1903 Preston Shoe Shop

According to former Correctional Officer William Conroy, the only way to prevent youth from getting caught up in a life of crime was to have parents take responsibility for raising their children to show them right from wrong. Before entering San Quentin or Folsom prisons, many youth found themselves in Whittier or Preston correctional facilities, such as the Preston School of Industry shoe shop shown here in 1903. CDCR file photo.

(Editor’s note: Former Correctional Officer William Conroy, who worked at San Quentin from 1903 to 1907, wrapped up his series on prison life by giving his opinions on where real prison reform should begin. The story was published in the Santa Cruz Evening News, Jan. 5, 1912. This was the last of his series. Conroy, unfortunately, met an untimely death in 1917 at the age of 45. Read the other stories by William Conroy.)

By William Conroy, former correctional officer
San Quentin State Prison

My views on prison reform are vastly different from any I have ever had the pleasure of reading. I will venture to say right here that a very large percentage of the crime committed can justly be placed at the door of the criminal’s childhood; therefore I think the proper place to work on reform is at the doorstep of the child.

How many children are there that grow from the cradle to (adulthood) without any effort of the parents to keep them within the bounds of a guiding hand, which by the law of nature belongs to the child, and should be constantly with it until it reaches an age where it is beyond danger, and can judge for itself.

I candidly say if many of the parents would give one-half the time they spend on self-pleasures to the training of their children we would not be compelled to build new additions to our prisons.

How many children in many of our towns and cities can we see on our streets nightly at unreasonable hours, or in other words, the danger hours to children of this tender age, without the care of a parent or guardian?

Can you blame a children altogether that grows to (adulthood) and goes wrong under those conditions? I don’t think you can; and I think a parent who rears a child without making an effort to teach it the right from the wrong, is the worst criminal of the two.

Many children of today never have that love of the parent, especially among that class that have hoarded a goodly supply of the world’s riches. It is placed in the hands of a (nanny) in infancy, and that loving mother’s time is so important in society, that father’s greed is so great for wealth, that the child is loved by no one but the (nanny).

On the other hand, we have the poor parents, many of whom rear large families; the father possibly supporting this large family on his daily wage, which is far too small to meet the actual necessities of maintenance. The result is, as soon as they are big and old enough – both boys and girls – they are forced to shift for themselves at the tender age when they should be in school. Consequently they get into the pathways of life’s pleasures and drift with its tide to whatever sphere of life it may lead them.

I think that a great many parents of this present generation are too much taken with their selfish pleasures – societies, lodges, etc. – and do not give their off-spring that love and care that were intended for them by nature.

Consequently we have had to spend hundreds of thousands of dollars here in our state in the last few years to enlarge our prisons.

Now I do not say that crime can be absolutely abolished, … but I do say that crime … could be reduced by a surprising percentage if many of the persons that will fill them were given proper training through childhood.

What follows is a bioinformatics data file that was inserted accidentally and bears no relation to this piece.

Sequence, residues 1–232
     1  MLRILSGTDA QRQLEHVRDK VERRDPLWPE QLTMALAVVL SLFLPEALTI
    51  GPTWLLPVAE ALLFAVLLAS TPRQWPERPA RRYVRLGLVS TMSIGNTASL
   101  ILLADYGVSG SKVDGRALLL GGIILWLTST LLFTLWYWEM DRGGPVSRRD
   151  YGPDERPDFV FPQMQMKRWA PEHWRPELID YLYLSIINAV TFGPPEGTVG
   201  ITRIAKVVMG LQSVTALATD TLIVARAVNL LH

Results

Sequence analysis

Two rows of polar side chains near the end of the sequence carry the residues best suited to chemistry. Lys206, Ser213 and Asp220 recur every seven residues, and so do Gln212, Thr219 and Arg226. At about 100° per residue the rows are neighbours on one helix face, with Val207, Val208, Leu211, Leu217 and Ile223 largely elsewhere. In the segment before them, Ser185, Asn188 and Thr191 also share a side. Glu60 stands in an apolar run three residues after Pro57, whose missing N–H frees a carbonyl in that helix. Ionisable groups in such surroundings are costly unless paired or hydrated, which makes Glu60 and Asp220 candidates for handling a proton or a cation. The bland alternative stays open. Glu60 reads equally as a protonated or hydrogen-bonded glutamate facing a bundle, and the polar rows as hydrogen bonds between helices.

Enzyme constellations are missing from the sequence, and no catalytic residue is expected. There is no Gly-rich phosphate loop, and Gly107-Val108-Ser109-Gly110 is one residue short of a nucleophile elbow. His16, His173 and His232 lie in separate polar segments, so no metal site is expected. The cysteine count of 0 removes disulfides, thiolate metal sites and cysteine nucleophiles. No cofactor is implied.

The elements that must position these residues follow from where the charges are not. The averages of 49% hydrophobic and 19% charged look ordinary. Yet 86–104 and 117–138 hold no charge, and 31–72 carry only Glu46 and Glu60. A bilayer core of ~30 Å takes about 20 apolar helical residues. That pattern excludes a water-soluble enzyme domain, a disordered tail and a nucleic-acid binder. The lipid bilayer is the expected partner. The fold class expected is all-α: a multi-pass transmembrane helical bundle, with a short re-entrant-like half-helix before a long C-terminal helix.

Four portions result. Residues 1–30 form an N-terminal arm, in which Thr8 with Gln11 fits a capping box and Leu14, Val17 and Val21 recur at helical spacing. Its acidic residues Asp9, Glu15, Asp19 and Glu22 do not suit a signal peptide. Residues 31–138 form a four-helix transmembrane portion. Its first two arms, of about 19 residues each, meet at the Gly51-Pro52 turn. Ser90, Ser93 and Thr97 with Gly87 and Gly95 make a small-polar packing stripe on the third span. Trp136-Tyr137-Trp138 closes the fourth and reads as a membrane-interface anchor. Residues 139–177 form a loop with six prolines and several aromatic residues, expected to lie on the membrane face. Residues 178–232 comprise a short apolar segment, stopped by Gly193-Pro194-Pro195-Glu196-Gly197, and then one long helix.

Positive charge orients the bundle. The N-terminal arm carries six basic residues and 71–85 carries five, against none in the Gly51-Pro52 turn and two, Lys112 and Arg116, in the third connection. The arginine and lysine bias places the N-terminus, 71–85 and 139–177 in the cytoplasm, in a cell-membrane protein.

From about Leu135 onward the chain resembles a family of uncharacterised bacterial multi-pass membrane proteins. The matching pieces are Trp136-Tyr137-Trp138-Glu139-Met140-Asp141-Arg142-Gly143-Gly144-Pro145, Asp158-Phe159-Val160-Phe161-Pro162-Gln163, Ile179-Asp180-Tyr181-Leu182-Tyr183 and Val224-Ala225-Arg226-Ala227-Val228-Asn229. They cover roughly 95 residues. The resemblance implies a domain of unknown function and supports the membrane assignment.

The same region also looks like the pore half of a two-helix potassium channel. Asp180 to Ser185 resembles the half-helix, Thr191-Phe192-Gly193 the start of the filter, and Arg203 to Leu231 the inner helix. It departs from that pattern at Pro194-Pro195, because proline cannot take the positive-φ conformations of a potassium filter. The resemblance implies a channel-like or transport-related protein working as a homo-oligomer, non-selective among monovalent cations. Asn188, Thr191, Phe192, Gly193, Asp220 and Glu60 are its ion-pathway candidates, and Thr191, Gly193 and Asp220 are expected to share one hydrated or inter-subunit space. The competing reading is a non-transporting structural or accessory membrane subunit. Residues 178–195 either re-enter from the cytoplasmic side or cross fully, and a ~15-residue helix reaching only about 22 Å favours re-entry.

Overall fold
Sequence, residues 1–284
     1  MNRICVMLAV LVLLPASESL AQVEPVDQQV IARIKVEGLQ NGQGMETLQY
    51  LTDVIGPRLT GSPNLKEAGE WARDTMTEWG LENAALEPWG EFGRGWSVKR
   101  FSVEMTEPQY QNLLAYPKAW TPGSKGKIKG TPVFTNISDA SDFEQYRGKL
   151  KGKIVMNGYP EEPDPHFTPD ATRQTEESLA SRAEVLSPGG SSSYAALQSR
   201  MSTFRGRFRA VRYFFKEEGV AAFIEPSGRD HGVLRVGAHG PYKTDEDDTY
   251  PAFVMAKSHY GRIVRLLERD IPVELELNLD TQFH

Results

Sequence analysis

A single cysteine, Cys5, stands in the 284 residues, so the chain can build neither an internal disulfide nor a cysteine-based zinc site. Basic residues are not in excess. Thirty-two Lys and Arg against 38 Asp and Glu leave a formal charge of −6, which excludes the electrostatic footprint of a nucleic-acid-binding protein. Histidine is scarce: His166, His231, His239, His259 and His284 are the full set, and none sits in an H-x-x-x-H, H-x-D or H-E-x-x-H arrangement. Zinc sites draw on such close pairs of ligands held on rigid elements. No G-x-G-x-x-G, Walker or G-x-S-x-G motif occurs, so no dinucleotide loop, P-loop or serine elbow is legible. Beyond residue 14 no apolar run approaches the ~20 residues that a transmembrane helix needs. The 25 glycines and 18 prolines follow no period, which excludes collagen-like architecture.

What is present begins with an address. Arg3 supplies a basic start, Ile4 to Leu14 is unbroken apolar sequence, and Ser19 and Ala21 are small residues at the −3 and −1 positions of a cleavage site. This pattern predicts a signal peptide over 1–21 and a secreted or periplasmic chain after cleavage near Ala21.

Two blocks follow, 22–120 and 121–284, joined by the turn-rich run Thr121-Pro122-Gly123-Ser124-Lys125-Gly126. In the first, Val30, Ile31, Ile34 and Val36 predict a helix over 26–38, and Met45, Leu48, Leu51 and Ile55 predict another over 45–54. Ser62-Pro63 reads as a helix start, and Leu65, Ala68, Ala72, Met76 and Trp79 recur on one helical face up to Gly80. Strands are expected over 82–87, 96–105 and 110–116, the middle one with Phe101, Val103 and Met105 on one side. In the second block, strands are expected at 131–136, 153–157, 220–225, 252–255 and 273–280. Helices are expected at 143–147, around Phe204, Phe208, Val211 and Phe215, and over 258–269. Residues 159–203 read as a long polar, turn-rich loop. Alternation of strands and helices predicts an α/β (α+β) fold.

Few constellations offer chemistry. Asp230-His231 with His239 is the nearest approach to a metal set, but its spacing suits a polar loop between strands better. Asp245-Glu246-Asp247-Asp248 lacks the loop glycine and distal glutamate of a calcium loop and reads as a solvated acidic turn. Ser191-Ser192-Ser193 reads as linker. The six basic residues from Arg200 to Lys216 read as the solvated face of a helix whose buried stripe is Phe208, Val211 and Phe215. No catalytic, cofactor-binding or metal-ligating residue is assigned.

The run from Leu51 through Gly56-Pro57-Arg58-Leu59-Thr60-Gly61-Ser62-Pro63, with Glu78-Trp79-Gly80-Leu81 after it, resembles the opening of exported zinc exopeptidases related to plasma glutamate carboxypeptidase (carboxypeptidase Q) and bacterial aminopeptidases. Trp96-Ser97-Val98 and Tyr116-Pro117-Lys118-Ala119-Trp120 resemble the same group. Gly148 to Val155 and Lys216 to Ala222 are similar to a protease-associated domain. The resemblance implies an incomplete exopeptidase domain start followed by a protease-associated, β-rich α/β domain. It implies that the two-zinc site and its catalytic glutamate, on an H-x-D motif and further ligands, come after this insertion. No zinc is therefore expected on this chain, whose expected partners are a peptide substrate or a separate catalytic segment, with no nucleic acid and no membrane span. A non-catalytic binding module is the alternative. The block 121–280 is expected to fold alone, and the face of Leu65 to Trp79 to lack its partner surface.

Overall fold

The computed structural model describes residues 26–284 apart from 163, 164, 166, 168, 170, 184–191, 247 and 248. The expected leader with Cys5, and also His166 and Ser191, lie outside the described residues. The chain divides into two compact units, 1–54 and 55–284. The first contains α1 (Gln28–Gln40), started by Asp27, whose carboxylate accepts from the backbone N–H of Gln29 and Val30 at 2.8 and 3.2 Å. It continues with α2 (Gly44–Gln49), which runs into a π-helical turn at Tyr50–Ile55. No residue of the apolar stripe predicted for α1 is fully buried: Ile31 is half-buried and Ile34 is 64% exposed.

Claude Hankins Mugshot 1904

Claude Hankins, 14, was sentenced to San Quentin in 1904. Hankins would have been incarcerated at the same time William Conroy was a correctional officer at the institution.

What happened to Conroy?

1917 Conroy Death

The headline for the Santa Cruz Evening News, April 19, 1917.

After his time at San Quentin was done, he worked for the Santa Cruz Fire Department and was also a Santa Cruz County Deputy Sheriff.

“Bill Conroy, former deputy sheriff of this county, crushed under car,” reads the Santa Cruz Evening News headline from April 19, 1917. “Conroy was killed while on his way from Salinas to his ranch near Jamesburg in Monterey County. The machine he was driving ran off the road into a five-foot ditch and Conroy was caught beneath it and crushed to death. His body was found by Ed Rossi in passing by.”

According to the newspaper account, he was well respected in the county.

“Conroy was well known and well liked in Santa Cruz where he had lived for many years, the family home being on Vine street. He leaves a mother and 11 brothers and sisters. Conroy served for some time as deputy sheriff of this county and was at one time a member of the fire department. He was once a guard at San Quentin prison. He wrote a series of articles on prison management that were widely copied. Last night’s fatal accident was due to fast driving by Conroy on a dangerous road, according to information received over the long distance wire this morning. The driver of the car was accompanied by Mrs. C.H. Sellman, Mrs. Anna Sage and John Watson, all of Oakland, but owners of property in the Jamesburg section. None of the party were hurt except minor bruises,” the newspaper reported. “The car was strange to Conroy and the women in the party warned him several times to cut down his speed. The accident occurred on a curve.”

He was 45 years old at the time of his death.

1912 Santa Cruz Fire Dept Santa Cruz Public Libraries

Santa Cruz firefighters wash the 1912 LaFrance fire engine, the first motorized piece of fire equipment for the Department. William Conroy was a Santa Cruz firefighter at this time. The men in the photo are not identified. Courtesy Santa Cruz Public Libraries.